Roman emperor Diocletian retired in 305 and crossed the Aegean to build some fine ruins to retire in.
It’s easy to see why Diocles, as his friends called him (really), liked this spot on the eastern shore of the Aegean Sea. It’s a beautifully picturesque spot ringed with mountains and sheltered from the open sea by islands rising tall from the azure blue waters. His sprawling complex, as much fortress as retirement palace, must have been an impressive sight when it was new. Even as “ruins” today it’s impressive.
Split shares tourist prominence on a par with Dubrovnik, Croatia’s other famous Aegean destination. The core of the city, that which is of interest to tourists, is relatively small and defined by Diocletian’s Palace and the area just around it. It’s a wonderful, walkable maze of streets and tiny alleys. Shops and cafes and restaurants and B&B’s and pensions fill every nook and cranny of the ruins making it hard to distinguish between what is ancient and what is not-so-ancient. You can’t get lost: the slick marble walks will eventually lead you to a plaza, a gate, or a ninety-degree turn at a wall. Along the way, stick your head in courtyards, pop in somewhere for a coffee or a fine Croatian wine or beer. Don’t miss the “basement” entrance to the palace facing Split’s harbor (there are indeed bargains to be had there).
Belltower of the Cathedral of Split
Cathedral of Split Interior
A Courtyard in Split
As you wander, keep an eye out for the peristyle, a columned porch overlooking the most sit-worthy courtyard you’ll find on this end of Europe. It is part of Diocletian’s original palace. At the right time of day, you’ll be in the shadow of the bell tower of the Cathedral of Split. If you’re into church architecture, the tiny cathedral is worth the few kunas admission. For a little extra, you can also climb the bell tower for a bird’s eye view of Split, but we think there’s a better view, which we’ll get to in a second.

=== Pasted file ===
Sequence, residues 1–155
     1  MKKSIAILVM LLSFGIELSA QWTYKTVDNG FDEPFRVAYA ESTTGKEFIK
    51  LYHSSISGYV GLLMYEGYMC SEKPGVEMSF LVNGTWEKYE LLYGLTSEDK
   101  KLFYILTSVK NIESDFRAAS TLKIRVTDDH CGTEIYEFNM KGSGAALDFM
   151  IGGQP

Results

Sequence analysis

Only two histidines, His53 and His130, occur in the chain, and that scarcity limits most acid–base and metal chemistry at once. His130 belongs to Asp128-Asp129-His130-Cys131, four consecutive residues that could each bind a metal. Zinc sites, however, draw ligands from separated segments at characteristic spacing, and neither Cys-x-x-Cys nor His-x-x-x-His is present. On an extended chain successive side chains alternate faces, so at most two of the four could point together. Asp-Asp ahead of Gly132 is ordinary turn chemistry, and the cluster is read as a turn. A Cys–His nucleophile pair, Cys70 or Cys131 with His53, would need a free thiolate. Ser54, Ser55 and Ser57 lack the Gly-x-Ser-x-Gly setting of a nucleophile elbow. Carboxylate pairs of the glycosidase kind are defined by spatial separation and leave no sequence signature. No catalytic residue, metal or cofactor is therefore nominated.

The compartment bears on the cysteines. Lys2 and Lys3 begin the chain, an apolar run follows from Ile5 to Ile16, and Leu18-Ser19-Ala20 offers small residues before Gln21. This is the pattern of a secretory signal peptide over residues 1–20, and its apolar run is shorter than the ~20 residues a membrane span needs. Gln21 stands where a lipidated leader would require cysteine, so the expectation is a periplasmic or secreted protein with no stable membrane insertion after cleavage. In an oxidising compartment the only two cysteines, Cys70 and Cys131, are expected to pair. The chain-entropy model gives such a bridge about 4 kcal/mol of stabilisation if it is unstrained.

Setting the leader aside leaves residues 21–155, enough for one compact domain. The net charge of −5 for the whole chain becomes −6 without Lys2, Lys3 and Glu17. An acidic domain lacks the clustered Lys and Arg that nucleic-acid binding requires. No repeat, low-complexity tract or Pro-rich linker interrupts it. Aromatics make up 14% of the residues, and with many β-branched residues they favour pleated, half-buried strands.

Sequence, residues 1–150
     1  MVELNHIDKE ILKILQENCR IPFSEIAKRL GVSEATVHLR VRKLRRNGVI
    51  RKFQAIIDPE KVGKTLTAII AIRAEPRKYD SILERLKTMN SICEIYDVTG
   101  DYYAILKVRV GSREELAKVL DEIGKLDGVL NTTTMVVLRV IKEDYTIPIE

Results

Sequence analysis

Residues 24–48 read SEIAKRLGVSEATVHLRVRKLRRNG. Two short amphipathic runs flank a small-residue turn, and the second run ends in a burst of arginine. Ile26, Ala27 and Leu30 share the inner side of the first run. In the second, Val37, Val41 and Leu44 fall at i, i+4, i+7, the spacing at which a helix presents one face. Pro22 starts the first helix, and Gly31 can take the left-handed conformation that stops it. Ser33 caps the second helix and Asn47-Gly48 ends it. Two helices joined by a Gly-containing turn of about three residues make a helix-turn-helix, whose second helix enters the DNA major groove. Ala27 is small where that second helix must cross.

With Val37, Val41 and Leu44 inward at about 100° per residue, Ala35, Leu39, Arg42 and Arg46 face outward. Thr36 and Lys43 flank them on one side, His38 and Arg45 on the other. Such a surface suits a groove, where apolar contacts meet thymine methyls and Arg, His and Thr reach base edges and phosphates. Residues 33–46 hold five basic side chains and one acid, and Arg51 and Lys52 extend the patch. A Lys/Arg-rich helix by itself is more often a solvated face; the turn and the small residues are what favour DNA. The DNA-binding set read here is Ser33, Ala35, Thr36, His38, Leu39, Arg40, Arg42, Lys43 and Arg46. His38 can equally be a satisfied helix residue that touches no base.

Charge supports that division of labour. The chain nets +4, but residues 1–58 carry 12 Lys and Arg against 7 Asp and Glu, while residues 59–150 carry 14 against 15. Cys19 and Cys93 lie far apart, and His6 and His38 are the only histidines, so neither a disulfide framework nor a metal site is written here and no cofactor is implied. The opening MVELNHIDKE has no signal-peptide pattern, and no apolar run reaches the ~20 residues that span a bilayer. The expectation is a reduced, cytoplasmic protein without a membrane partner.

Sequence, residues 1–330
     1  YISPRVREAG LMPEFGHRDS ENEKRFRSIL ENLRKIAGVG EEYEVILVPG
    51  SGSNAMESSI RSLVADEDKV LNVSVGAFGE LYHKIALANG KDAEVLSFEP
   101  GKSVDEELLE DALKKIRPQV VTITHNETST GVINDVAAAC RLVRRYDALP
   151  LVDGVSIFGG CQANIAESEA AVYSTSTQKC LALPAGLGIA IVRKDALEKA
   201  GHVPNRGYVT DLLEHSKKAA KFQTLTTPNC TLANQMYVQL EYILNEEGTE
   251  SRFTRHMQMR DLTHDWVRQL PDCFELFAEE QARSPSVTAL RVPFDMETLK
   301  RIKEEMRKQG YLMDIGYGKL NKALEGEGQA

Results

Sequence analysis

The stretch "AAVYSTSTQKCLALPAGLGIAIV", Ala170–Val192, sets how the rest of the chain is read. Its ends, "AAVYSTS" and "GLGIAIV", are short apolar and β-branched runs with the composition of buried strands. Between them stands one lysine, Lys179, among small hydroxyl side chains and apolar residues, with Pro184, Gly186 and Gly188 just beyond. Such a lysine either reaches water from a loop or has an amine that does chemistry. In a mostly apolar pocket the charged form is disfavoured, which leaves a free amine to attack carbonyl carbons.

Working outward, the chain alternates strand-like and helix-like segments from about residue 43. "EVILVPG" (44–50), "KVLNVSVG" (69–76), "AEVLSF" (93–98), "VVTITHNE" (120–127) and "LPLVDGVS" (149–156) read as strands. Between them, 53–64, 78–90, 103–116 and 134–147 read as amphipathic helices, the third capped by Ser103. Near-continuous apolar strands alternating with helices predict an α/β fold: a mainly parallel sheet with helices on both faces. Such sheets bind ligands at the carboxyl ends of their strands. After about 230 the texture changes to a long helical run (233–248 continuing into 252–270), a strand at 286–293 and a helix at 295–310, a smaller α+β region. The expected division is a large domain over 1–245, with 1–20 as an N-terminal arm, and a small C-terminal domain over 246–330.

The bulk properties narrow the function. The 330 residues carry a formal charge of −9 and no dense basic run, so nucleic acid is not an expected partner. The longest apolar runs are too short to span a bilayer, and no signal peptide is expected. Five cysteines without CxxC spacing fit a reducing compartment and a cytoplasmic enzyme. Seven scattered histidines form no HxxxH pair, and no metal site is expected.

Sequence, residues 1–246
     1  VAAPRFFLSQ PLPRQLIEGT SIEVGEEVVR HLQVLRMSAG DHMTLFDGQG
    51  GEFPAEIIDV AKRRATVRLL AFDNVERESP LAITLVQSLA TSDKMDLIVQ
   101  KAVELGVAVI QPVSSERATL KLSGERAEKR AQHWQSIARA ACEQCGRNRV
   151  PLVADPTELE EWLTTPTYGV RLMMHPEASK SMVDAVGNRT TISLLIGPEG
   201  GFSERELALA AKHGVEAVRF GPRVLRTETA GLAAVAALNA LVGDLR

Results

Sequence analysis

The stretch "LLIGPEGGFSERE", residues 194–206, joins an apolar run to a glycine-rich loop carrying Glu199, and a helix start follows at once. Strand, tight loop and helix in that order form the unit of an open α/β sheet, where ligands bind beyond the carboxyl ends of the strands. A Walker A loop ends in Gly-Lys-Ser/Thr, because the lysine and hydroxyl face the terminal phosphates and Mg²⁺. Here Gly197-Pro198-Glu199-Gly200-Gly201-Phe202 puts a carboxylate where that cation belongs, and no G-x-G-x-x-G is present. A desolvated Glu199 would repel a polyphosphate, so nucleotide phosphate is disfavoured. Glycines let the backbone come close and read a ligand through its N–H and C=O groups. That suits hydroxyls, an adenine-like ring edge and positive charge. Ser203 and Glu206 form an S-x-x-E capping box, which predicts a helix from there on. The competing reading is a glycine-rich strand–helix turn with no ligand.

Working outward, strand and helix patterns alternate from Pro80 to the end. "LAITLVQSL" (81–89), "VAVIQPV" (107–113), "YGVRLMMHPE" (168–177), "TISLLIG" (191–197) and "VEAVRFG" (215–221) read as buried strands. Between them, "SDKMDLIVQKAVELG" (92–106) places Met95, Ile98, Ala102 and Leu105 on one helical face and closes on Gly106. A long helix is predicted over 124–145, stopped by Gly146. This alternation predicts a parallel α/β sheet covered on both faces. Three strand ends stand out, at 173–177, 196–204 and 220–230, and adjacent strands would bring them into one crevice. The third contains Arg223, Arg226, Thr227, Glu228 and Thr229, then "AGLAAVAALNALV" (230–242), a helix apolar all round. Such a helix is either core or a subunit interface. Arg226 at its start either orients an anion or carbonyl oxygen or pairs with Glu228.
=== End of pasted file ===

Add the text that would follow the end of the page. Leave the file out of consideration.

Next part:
The Market in Split
Just outside the gates on the eastern end of the palace you’ll find a lively market (also see if you can find the fish market on the west end of the palace ruins). Outside the gates to the north, look for the giant statue of Salazar Slytherin. Actually the wizard-like statue is of Gregory of Nin, a tenth-century bishop who championed the Galgolitic script (a Slavic alphabet) and so became a champion of the Slavic people a millennia ago. Gregory was once considered to be the Primate of Dalmatia, but he was shunned by the sorting hat. To the south of the palace ruins you’ll find a lively promenade, a great place to sit out and people watch as you sip a tiny cup of coffee.
Split’s Waterfront Promenade
Giant Statue of Salazar Slytherin, we mean Gregory of Nin
For the best view of Split, head west along the promenade and up the hill that makes up the Park Śuma Marjan. It’s a moderately strenuous park-like walk that will earn you magnificent views of the islands protecting Split, and—of course—of Split itself. You’ll find a café or two along the way, but we recommend you recharge your batteries at the tiny little patio restaurant Dujkin Dvor, just west of the promenade facing the harbor.
Quaint Alley To Our AirBnB Place
View from Park Šuma Marjan